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The Truth Behind The Hangover

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The Hangover

Released on June 5th, 2009 by Warner Brothers, the R-rated comedy The Hangover was predicted to be a sleeper comedy with the potential for aging into a cult classic. After all, this is how many top comedic films get their start, from Taika Waititi’s What We Do in the Shadows (2014) to Rob Reiner’s This is Spinal Tap (1984).

However, The Hangover didn’t need much time before skyrocketing into one of the highest-grossing and overall surprising comedy hits of the 2000s. Its theatre showings brought in nearly half a billion dollars internationally, with its associated video sales hedging up to that billion-dollar profit mark. And why wouldn’t The Hangover perform well? It combined compelling American settings and stereotypes, while introducing some of the greatest comedic actors of the generation, like Zach Galifianakis, Ed Helms, and Ken Jeong.

After all, anyone who has seen The Hangover and been to Las Vegas understands just how unexpected a night there can be. However, most casino enthusiasts today are familiar with online gaming, where top deals are compared on sites like Oddschecker. This leaves little reason to pack up and head to Vegas. No need for a late-night foray onto the Strip, or, in the case of Doug’s character in The Hangover, to end up stranded on a roof.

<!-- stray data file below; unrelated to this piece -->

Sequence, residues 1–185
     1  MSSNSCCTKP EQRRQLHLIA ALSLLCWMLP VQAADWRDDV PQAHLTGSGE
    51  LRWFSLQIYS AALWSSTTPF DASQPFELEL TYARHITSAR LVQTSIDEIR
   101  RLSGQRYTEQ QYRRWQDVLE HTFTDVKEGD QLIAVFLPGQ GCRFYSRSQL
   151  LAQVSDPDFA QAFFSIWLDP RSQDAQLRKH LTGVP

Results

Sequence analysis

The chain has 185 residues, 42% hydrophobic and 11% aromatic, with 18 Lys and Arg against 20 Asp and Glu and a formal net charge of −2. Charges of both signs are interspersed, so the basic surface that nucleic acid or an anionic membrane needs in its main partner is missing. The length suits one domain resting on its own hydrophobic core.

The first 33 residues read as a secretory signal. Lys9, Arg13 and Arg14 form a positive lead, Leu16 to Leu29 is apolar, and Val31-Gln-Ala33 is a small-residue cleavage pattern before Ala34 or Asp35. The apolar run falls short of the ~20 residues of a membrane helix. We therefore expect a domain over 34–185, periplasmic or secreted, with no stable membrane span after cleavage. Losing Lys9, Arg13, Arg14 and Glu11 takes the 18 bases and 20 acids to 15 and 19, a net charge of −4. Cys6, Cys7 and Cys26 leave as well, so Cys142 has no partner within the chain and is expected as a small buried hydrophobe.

There are as many Americanisms and comedic tropes in the film as there are rumors and urban legends abound about the content in the movie. What was inspired by real events? What was just part of the narrative? And what other fun mischief happened in-between?

The Popular Theory

One widely held belief regarding The Hangover is that the film is, indeed, based on a true story. It goes something like this: a friend of a friend goes missing from his bachelor party in Vegas. The man who went missing is a friend of a film producer in Hollywood set to walk down the aisle with a Hollywood agent. This producer friend was the man behind movies such as The Guardian and The Number 23.

Somewhere during the bachelor party, the groom goes missing. Remember that risky Vegas Strip mentioned above? Well, the wandering groom has a fantastic night (though he can’t remember it) and wakes up to an astronomical bill at a club.

Unlike the film, this popular story didn’t end with someone being rescued from a rooftop after suffering from dehydration and sunburn. Instead, this bachelor party was more appropriately planned months before the wedding, meaning that the groom-to-be had plenty of time to pay off his credit card. Later additions, like a domesticated tiger, Mike Tyson, and a nameless baby, came following the story’s adaptation for the big screen.

The funniest part of this popular and partially-proven theory about the story behind The Hangover? The man whose bachelor party the script was based on had no idea that his life was being optioned for big screens until after it had been pitched to Warner Brothers.